Newsletters are some of the greatest marketing tools an author has.

Think about it. Someone has given you their explicit permission to contact them directly through their e-mail. That’s huge, and not a privilege that you want to lose.

So how do you write newsletter content that is relevant and interesting?

Keep it simple

Your audience’s attention is limited. As tempting as it may be to include a personal story, plus a recipe, plus an excerpt from your book, plus a blog post, plus your latest news…don’t. Resist the temptation. Keep it short and sweet, and limit yourself to one or two main pieces of information.

Everything that doesn’t fit in your newsletter? Save it for your blog. Or in some cases, for your close friends.


  • @AuthorMedia taught me how to write a great author newsletter. Click to Tweet
  • Want your subscribers to read your newsletter? Keep it simple and about them. Click to Tweet
  • Newsletters: A superb marketing tool for authors. Here’s how to write one. Click to Tweet
  • Newsletter subscribers are giving you their personal contact information. Reward them. Click to Tweet

Keep it about them

The same rule that applies to your website applies to your newsletter (perhaps even more so since you’re taking up space in their inbox): It’s not about you, it’s about them. Think about what they want, and give it to them.

If you don’t consider what your audience wants, you may find your subscribers unsubscribing. Or worse, marking your newsletter as spam.

So what are some things that your audience wants?

Original Content

Whatever you do, don’t make your newsletter an exact copy of your blog. Otherwise, why would people read your newsletter? Give them a reason to sign up. Offer exclusive content that isn’t found on the blog.

Speaking schedule

Many of your followers would probably love to meet you in person. So when they have the opportunity, let them know! Don’t make this difficult for them, give them as much information as possible: dates, times, locations, ticket information, links to directions or tickets, etc. The easier you make it for them, the more likely they are to show up.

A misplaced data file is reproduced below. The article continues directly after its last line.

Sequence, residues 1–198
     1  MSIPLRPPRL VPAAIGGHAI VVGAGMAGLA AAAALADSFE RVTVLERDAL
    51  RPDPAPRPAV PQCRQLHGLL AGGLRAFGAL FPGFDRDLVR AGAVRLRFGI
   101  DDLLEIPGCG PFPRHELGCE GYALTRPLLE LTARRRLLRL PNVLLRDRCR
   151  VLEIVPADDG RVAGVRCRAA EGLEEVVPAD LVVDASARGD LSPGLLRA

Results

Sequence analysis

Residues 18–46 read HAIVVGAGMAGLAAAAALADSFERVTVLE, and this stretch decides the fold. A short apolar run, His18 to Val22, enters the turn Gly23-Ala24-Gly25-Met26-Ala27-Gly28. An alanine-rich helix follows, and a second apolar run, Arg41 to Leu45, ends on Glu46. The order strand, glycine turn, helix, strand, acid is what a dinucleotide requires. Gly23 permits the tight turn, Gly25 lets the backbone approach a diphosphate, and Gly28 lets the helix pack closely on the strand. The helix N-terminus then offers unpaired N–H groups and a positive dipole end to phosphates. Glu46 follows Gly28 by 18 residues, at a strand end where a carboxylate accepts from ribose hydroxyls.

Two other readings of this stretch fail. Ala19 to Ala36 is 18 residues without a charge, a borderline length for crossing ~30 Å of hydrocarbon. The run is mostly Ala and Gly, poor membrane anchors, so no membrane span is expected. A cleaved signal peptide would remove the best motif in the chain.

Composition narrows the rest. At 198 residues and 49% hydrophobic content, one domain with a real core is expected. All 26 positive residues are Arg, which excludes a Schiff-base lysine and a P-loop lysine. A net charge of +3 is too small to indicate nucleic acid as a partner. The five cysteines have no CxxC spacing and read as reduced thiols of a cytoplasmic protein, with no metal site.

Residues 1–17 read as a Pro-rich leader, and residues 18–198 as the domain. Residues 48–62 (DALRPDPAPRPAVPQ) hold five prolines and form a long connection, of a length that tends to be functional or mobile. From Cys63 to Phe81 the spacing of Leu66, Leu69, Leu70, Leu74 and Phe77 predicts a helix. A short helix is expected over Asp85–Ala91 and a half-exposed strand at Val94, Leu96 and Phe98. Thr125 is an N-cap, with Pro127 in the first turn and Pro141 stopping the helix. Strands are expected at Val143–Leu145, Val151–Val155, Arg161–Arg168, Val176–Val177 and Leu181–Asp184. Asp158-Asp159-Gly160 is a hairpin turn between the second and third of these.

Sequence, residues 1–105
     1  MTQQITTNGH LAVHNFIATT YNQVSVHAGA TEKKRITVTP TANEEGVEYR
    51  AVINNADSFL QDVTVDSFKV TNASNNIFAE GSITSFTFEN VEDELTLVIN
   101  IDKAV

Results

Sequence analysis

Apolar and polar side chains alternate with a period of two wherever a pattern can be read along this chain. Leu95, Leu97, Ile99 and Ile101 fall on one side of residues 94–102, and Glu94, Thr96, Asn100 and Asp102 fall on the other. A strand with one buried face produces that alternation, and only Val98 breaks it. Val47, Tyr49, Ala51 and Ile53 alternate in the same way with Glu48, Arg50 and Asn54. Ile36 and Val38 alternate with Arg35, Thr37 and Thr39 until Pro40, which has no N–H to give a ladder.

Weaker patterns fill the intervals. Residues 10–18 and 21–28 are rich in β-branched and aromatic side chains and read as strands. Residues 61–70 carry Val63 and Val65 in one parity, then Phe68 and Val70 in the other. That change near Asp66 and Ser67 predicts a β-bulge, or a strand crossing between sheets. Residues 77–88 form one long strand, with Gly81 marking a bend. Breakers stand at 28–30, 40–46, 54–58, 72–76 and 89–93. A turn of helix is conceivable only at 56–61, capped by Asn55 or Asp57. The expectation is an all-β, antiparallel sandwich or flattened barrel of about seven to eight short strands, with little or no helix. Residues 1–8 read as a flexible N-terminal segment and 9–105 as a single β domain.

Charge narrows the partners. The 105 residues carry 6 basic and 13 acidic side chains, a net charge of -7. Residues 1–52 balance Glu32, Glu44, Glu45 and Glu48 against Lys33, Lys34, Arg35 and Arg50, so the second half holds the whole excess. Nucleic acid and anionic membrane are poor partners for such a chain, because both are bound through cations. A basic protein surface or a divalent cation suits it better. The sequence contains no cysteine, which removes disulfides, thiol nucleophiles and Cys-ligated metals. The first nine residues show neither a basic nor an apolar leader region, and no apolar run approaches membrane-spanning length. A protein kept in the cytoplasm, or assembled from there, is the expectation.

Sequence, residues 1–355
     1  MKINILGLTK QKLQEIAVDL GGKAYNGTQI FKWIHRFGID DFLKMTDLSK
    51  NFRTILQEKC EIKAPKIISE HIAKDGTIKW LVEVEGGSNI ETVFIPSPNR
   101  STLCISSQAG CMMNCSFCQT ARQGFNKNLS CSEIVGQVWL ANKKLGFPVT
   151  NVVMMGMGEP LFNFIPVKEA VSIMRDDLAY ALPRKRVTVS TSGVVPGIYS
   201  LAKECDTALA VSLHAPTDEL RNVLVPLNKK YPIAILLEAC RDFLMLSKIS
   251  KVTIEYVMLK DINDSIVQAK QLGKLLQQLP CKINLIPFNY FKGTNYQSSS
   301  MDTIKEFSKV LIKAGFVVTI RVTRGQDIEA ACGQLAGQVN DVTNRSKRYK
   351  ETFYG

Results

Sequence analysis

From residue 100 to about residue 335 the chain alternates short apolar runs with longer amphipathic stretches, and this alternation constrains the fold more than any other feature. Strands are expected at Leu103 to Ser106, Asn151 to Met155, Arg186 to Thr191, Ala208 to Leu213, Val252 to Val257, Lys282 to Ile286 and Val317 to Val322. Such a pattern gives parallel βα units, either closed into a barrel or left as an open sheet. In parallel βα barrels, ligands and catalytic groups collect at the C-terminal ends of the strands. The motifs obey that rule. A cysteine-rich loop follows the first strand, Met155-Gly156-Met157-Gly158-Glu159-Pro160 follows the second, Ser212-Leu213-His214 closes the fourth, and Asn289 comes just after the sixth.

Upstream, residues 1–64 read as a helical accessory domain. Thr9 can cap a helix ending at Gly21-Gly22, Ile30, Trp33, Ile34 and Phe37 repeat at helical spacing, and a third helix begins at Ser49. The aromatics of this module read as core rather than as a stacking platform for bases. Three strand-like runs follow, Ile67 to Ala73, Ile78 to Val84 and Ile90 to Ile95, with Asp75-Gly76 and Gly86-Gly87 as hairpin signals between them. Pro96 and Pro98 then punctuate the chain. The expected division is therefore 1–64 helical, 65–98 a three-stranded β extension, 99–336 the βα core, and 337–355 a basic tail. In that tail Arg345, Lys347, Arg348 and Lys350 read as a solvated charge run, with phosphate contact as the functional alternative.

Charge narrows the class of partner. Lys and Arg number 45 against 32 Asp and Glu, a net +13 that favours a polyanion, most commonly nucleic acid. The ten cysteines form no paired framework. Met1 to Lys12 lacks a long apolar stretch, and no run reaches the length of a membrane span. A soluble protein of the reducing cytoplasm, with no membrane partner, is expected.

Book launches

Book launch

Definitely do NOT skip this one! A good chunk of book sales come from pre-orders, and your newsletter is a fantastic way to let your followers know when the book is available. You’ll want to make sure and send out several newsletters when you have a book launch approaching. This makes it more likely for your followers to take action and order your book.

We recommend that our authors send out book launch reminders on the following schedule:

  • 1 month before
  • 2 weeks before
  • 1 week before
  • The day before
  • The day of the launch

If you use Mailchimp (which we recommend), it’s super easy to schedule these newsletters in advance.

Relevant News

Maybe you just signed a contract for another book, or just landed an agent. These are exciting pieces of news that your audience is likely interested in knowing. Save these pieces of news for newsletter subscribers only, or tell them at least a week in advance of going public.

Give your subscribers the feeling of being “insiders.” After all, they’ve given you their personal contact information. Now reward them.

Keep it You

Some of you may find yourselves writing differently in a newsletter than in a blog post. If at all possible, maintain the same writing style across all forms of communication. While there will be some differences, your subscribers joined because they enjoy what they saw publicly–your blog. Don’t forget that!

What about you?

What kind of information do you put in your newsletter? What have you found your audience enjoys?


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